Domic, N. G., Goles, E., & Rica, S. (2011). Dynamics and complexity of the Schelling segregation model. Phys. Rev. E, 83(5), 13 pp.
Abstract: In this paper we consider the Schelling social segregation model for two different populations. In Schelling's model, segregation appears as a consequence of discrimination, measured by the local difference between two populations. For that, the model defines a tolerance criterion on the neighborhood of an individual, indicating wether the individual is able to move to a new place or not. Next, the model chooses which of the available unhappy individuals really moves. In our work, we study the patterns generated by the dynamical evolution of the Schelling model in terms of various parameters or the initial condition, such as the size of the neighborhood of an inhabitant, the tolerance, and the initial number of individuals. As a general rule we observe that segregation patterns minimize the interface of zones of different people. In this context we introduce an energy functional associated with the configuration which is a strictly decreasing function for the tolerant people case. Moreover, as far as we know, we are the first to notice that in the case of a nonstrictlydecreasing energy functional, the system may segregate very efficiently.



During, G., Josserand, C., & Rica, S. (2015). Selfsimilar formation of an inverse cascade in vibrating elastic plates. Phys. Rev. E, 91(5), 10 pp.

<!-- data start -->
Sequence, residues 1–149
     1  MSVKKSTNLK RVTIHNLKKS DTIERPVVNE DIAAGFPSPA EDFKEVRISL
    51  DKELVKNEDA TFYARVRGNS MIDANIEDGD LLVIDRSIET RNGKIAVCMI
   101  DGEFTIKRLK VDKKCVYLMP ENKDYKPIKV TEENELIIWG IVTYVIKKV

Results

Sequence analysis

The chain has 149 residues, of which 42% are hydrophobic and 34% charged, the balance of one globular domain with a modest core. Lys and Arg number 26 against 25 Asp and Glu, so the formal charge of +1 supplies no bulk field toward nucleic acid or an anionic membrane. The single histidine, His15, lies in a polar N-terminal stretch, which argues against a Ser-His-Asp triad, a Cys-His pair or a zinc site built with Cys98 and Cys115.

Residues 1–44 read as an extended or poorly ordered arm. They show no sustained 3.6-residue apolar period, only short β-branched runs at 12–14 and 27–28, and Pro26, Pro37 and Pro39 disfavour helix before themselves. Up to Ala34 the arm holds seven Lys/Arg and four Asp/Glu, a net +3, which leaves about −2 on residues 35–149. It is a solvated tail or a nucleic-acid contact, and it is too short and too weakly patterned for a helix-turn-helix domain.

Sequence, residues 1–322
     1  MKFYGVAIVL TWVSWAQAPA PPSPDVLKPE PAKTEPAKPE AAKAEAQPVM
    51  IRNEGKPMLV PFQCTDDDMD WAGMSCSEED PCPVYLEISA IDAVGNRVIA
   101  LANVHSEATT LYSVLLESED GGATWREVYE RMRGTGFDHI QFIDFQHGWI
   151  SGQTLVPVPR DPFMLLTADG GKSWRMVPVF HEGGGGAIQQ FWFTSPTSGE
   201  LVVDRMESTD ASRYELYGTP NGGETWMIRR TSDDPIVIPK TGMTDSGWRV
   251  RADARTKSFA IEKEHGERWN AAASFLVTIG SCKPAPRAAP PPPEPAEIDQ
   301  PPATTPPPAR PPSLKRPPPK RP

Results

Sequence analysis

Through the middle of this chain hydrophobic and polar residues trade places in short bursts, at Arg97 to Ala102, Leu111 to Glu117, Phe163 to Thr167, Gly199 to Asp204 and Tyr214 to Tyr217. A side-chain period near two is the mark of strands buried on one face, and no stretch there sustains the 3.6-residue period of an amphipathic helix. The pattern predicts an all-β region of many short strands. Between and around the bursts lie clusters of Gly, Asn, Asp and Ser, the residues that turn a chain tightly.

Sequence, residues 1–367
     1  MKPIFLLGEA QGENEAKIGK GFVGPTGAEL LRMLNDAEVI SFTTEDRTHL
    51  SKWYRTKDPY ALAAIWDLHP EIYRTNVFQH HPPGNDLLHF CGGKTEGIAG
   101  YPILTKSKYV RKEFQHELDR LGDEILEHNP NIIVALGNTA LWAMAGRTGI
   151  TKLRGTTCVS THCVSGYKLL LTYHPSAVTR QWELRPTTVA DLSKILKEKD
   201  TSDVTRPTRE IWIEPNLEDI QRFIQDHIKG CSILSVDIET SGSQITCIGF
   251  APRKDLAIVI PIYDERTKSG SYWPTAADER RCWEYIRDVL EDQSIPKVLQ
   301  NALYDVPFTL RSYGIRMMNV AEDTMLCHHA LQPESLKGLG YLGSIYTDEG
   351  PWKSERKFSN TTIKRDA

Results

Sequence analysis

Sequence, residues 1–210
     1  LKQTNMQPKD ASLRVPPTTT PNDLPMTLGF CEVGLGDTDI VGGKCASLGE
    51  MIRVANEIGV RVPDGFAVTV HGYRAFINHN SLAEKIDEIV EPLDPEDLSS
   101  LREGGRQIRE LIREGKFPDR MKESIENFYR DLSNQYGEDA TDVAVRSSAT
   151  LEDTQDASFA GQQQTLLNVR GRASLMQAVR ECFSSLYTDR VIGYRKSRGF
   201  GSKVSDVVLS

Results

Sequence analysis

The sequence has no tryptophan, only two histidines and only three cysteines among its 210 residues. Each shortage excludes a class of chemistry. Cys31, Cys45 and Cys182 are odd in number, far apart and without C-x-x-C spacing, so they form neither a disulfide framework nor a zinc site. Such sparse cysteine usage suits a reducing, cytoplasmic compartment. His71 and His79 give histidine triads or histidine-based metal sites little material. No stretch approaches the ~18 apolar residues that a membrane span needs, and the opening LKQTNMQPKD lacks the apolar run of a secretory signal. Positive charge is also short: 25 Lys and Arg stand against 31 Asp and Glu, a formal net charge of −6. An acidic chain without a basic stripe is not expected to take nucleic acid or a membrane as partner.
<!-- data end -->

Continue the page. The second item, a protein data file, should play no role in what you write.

Abstract: The dynamics of random weakly nonlinear waves is studied in the framework of vibrating thin elastic plates. Although it has been previously predicted that no stationary inverse cascade of constant wave action flux could exist in the framework of wave turbulence for elastic plates, we present substantial evidence of the existence of a timedependent inverse cascade, opening up the possibility of selforganization for a larger class of systems. This inverse cascade transports the spectral density of the amplitude of the waves from short up to large scales, increasing the distribution of long waves despite the shortwave fluctuations. This dynamics appears to be selfsimilar and possesses a powerlaw behavior in the shortwavelength limit which significantly differs from the exponent obtained via a Kolmogorov dimensional analysis argument. Finally, we show explicitly a tendency to build a longwave coherent structure in finite time.



Ekman, R., Asenjo, F. A., & Zamanian, J. (2017). Relativistic kinetic equation for spin1/2 particles in the longscalelength approximation. Phys. Rev. E, 96(2), 8 pp.